English Deaf Football Challenge Cup Final
James Whatman Way, Maidstone
Admission including Programme: £5.00
Attendance: 250 (estimate)
Match Rating: 4
A two and a half hour interval between this and the earlier game contained a prolonged torrential downpour leaving the 3G pitch with plenty of standing water on it, although happily - and expectedly - it drained away ahead of kick-off, with the rain staying away during the match, for what is considered to be the biggest game in deaf football.
To reach today's final, Derby Deaf beat Charlton Athletic Deaf 1-6 away, Colchester Deaf at home on penalties and Manchester United Deaf 3-1 at home, whilst Doncaster Deaf beat Bristol Deaf 5-3 at home, Birmingham Deaf 1-0 at home and St John's Deaf 1-2 away.
This match was played at a much faster tempo than this morning's, and it soon became clear this would be a much closer contest too. Both teams did plenty of attacking during the first half, Derby Deaf having the best goalscoring opportunities though. They had a goal disallowed for pushing following a corner, and from another corner on 29 minutes, a powerful header by Darrell Sykes came back off the bar. However, the goalless scoreline at the interval was a fair reflection of the first half.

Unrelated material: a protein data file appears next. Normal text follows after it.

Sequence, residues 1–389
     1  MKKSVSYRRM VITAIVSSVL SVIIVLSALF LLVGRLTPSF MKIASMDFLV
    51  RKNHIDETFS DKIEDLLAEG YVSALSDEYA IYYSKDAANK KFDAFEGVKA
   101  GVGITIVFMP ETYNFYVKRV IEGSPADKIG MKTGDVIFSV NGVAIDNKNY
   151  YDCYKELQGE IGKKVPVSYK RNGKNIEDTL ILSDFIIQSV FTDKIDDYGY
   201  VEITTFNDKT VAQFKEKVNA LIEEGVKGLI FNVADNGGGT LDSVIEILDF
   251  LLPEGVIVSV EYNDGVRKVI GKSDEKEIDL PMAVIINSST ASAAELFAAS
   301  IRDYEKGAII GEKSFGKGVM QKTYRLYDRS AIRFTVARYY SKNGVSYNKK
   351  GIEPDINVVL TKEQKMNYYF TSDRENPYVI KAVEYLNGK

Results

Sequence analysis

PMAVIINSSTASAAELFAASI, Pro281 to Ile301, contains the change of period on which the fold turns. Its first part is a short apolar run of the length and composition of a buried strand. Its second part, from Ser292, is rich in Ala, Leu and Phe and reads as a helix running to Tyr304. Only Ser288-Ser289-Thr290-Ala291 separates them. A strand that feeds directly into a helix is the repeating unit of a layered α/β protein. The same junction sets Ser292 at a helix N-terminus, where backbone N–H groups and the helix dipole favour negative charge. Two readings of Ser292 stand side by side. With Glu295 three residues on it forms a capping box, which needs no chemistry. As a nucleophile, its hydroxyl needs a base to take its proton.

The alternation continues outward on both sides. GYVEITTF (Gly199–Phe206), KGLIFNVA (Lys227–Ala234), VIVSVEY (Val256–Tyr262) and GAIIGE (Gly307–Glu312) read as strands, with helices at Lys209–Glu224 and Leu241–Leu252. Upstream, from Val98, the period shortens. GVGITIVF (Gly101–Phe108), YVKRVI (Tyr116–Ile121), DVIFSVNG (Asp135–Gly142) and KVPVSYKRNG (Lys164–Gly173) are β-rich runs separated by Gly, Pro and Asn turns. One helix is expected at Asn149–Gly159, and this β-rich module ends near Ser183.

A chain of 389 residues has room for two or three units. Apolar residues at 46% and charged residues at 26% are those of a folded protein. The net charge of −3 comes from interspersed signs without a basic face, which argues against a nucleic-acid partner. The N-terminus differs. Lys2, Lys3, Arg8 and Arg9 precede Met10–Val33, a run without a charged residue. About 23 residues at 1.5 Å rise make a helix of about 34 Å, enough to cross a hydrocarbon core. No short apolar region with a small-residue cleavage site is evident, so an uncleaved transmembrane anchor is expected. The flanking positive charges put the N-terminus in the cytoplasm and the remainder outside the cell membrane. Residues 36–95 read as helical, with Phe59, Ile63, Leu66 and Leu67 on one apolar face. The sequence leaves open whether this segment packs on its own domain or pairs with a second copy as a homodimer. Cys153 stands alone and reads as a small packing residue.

Four minutes into the second half and Derby had another shot on goal, a free kick by Alistair Dalziel from at least 30 yards was tipped over the bar. Two minutes later and Doncaster saw a goal bound shot blocked, however they did take the lead on 57 minutes. A fast break down the left wing ended with the ball being played low across the six yard box, and the striker tapped into an empty net by Joe Norton. Derby created several more chances to get on the scoresheet during the next ten minutes, before they were awarded what looked a very soft penalty indeed for pulling in the area, on the advice of the linesman. After considerable protests, the penalty by Dalziel was comfortably saved by the keeper, John Atkinson's, to his right. However, the linesman waved his flag, signalling an infringement had taken place. Quite what for is anyone's guess, as the photo I had taken just as the penalty was saved showed there was no encroachment. Justice seemed to be done though when the penalty was slammed just wide of the left hand post, again by Dalziel after a change in takers was correctly refused by the referee. A couple of minutes from time, Derby had their final chance to force extra time when Gary Gordon missed a close range tap in after a free kick awas flicked on towards the far post, but in the end it was Doncaster who held on to lift the cup for the fifth time. Derby could probably consider themselves unfortunate, having created many more goalscoring chances, but in truth this was a very even game that could have gone either way and was a good advert for deaf football.